I think you have some mistaken beliefs about the linked ancient sport, and modern MMA. The goal is a submission, that is, to put the other person into a position in which they have to submit, or they risk injury. So I find your "successfully broken another mans neck" question to be a non-sequitur. Breaking someone's neck is not a desired outcome, nor is it particularly likely.

I practice Brazilian Jiu-Jitsu, and have sparred a decent amount of MMA.


Rules must be such that enough people enjoy watching the fights, and enough people agree to fight. Presumably, few will agree to fight if nothing is off limits, and even if that is false, few will have the chance to gain the skills making the fights enjoyable before their eyes are gouged out.

(Personally, I'm not into this sort of entertainment to say the least, but that is beside the point...)


Modern day Vale Tudo is as close as you get to organized Pankration[1]. It has very limited rules and was (not sure if it still is) popular in Brazil.

[1] http://en.m.wikipedia.org/wiki/Vale_tudo


MMA, now and back then, is a business. Techniques like eye-gouging, small joint manipulation, etc. would put athletes out of subsequent fights for long periods of time or even permanently...not a good business model for anyone. With other types of submissions there is usually plenty of time to tap out to avoid permanent injury. So AFAIK there's no moral imperative at play here. I've also never witnessed a broken neck in my ten plus years of watching MMA. I'm sure it's happened, but most likely as an unfortunate accident and not intentionally.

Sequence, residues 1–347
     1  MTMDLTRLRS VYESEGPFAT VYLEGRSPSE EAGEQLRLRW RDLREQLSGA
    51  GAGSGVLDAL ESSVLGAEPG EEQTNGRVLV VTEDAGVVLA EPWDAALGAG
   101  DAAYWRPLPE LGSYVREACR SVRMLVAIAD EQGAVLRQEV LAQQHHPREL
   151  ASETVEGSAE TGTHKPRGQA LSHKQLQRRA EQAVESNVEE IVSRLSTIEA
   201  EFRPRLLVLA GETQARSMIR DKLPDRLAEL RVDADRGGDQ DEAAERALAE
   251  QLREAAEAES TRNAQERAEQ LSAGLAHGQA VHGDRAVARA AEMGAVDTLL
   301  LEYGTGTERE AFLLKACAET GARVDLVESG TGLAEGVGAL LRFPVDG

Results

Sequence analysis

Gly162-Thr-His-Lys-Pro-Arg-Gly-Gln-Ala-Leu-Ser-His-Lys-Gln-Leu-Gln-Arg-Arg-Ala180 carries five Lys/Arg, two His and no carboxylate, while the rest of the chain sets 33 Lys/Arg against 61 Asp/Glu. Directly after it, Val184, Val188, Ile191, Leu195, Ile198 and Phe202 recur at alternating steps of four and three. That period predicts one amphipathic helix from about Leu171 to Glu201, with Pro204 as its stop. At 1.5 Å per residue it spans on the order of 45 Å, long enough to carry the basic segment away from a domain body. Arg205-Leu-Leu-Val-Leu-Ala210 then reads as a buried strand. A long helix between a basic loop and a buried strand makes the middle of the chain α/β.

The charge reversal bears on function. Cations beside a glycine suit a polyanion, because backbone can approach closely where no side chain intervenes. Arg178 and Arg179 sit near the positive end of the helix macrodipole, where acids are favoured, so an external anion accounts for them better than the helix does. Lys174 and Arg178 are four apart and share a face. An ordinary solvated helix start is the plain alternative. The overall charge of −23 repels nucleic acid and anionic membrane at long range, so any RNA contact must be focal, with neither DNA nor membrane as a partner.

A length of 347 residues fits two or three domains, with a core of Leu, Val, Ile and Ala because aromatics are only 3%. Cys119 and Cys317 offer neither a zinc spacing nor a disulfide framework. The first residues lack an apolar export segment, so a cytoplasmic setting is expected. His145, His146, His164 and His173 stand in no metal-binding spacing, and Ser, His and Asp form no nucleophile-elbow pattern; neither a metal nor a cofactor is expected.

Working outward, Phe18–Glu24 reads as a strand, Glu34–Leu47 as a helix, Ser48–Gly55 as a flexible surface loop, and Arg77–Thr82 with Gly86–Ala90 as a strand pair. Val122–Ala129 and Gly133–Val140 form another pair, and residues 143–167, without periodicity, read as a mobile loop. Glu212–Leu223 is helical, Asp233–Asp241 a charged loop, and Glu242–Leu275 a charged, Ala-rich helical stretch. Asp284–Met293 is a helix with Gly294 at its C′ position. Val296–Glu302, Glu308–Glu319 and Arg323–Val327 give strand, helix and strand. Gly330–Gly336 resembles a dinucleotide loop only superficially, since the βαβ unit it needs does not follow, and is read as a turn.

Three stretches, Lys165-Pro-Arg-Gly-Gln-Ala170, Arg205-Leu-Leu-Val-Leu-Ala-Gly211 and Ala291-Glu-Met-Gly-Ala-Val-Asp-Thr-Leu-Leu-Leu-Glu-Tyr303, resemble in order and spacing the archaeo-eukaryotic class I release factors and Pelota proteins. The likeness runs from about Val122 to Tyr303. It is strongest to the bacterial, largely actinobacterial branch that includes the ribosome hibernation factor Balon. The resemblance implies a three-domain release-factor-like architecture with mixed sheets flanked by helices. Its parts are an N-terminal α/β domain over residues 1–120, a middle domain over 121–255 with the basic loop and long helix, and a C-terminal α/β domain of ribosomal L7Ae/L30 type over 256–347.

my guess is that you can't really effectively harden yourself against biting and eye gouging and neither takes it any skill to perform those moves. and they're comparably dangerous: eye going blinds you and biting can lead to potentially lethal infections days after the fight. the undefeated champion would be at risk of being blinded or infected by a desperate amateur without matching skills.

it would take away from the spectacle and ruin an otherwise perfectly healthy athlete easily.